DUSHANBE, February 21, 2012, Asia-Plus – “We are frequently hear about radicalization of youth but we do not realize well what is actually going on, and we have spoken a lot about threats but we have neglected an opportunity to carry out dialogue on this theme,” German Ambassador to Tajikistan, Ms. Doris Hertrampf, noted here on February 21, inaugurating an international conference entitled “Development of Islam in Central Asia: New Trends, Problems and Solutions to Them.”

Organized by Media Group “Asia-Plus,” IslamNews.tj Project and the Friedrich Ebert Foundation, the conference brought together Tajik and foreign experts, representatives from the Committee on Religious Affairs (CRA) and Islamic organizations, as well as MPs and journalists.  Representatives from diplomatic missions and international organizations active in the country have also been invited to attend the conference as guests.

The event was aimed at discussing the role of Islam in the modern Tajik society and in the future of the country.  The conference was also dedicated to promote strengthening of dialogue between the state and religion.

According to German diplomat, there are no so many partners in dialogue with political Islam and Tajikistan is the only country in CIS Central Asia, where Islamic party is registered.          

“Young generation is the main carrier of the future and our task is to give it as much as possible information so that the youth could form its position and its view on radicalism,” said Ms. Hertrampf.  “Of course, we must speak seriously about threat of radicalism but this should not lead to violation of freedom of religion.”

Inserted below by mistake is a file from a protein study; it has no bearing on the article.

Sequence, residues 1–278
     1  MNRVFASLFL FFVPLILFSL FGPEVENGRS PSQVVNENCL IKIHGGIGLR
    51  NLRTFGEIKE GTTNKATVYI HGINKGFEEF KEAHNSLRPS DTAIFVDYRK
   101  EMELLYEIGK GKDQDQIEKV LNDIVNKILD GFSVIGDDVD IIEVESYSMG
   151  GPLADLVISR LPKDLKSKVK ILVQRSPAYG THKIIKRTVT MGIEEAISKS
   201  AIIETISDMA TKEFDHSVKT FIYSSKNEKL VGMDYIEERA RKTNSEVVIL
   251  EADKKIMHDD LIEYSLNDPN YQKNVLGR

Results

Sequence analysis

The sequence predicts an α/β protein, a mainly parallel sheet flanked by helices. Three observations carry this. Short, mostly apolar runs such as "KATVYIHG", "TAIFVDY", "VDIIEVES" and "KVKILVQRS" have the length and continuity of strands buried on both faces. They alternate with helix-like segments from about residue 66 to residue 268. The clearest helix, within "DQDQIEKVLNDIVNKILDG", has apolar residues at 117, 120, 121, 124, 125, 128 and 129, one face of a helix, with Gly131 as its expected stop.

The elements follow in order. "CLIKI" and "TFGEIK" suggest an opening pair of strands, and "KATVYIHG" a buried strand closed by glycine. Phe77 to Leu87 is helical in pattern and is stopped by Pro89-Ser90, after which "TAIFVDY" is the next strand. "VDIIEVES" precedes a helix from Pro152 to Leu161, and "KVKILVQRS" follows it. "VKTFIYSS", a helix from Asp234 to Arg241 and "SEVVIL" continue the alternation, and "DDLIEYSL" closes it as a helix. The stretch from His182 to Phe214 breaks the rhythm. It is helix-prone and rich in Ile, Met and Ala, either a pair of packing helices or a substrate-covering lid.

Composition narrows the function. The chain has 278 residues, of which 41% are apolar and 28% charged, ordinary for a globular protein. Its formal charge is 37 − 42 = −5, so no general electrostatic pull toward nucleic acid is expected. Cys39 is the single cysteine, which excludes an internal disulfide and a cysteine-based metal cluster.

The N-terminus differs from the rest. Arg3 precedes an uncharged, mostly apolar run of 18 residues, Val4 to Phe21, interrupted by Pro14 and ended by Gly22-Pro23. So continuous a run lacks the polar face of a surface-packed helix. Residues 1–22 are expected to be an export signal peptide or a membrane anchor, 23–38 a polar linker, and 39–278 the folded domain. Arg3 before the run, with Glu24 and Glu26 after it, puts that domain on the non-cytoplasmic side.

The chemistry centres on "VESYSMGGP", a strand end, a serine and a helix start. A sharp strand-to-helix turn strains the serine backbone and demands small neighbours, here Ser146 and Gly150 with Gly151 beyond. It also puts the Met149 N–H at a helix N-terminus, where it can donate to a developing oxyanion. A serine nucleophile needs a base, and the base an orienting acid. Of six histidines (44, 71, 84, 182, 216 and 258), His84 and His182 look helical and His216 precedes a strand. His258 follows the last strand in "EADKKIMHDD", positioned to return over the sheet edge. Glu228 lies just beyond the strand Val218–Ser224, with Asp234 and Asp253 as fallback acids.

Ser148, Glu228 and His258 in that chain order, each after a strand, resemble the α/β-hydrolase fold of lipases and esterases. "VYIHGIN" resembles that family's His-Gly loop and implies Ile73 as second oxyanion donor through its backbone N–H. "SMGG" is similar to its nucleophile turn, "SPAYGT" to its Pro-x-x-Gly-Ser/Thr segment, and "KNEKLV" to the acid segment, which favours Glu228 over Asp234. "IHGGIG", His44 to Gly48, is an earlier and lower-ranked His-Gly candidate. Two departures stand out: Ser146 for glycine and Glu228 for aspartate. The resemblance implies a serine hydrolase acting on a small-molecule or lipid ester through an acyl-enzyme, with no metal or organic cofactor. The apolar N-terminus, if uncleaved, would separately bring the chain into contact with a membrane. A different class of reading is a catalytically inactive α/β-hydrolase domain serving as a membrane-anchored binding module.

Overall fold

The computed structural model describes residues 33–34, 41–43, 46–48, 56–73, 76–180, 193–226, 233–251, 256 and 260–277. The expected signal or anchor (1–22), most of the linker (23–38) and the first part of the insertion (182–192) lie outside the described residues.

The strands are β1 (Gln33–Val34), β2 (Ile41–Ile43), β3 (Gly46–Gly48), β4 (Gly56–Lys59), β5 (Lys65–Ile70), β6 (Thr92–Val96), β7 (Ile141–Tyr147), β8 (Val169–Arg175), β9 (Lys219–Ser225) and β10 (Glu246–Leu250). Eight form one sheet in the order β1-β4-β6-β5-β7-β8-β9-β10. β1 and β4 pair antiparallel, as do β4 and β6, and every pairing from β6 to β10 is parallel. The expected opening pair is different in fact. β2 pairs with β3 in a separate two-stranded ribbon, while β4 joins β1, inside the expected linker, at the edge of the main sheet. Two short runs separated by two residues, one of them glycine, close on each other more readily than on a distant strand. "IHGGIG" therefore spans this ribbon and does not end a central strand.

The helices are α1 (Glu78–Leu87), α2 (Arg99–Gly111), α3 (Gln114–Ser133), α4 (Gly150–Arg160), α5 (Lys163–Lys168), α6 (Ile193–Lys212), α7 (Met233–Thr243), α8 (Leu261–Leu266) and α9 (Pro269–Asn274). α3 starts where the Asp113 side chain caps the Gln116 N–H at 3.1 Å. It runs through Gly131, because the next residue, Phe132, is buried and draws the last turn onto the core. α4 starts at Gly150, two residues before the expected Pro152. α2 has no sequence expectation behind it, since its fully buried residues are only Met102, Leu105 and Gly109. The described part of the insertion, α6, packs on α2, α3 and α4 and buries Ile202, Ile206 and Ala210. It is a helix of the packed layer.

Wulf Lapins, Project Coordinator of the Friedrich Ebert Foundation for Central Asia, pointed to the necessity of carrying out dialogue between secular political elite and political Islam.

Speaking at the conference, Tajik independent expert Abdullo Rahnamo, in particular, noted that the terms “Islamic factor” and “Islamization of society” became pointless in Central Asia, including Tajikistan, where the overwhelming majority of the population is Muslims.

“It is necessary to distinguish revival of Islamic values from radicalism – many confuse the notion of revival of Islamic values with strengthening of radicalism,” Rahnamo said.

At the same time, the expert considers that “excessive politicization exists in relations between the state and religion.”

Deputy of Tajikistan’s lower house (Majlisi Namoyandagon) of parliament Suhrob Sharipov also noted that politicization of the Islamic factor in Tajikistan was now at a very high level.  The expert, however, considers that the return of Islamic values is a natural process “and there is nothing tragic, extremist or radical about that.”

“Transformation of power is also going on, it has not yet been completed,” said Sharipov.  “The government is trying to create comfortable conditions so that Islamic factor would not affect other factors, politics, economics, etc.”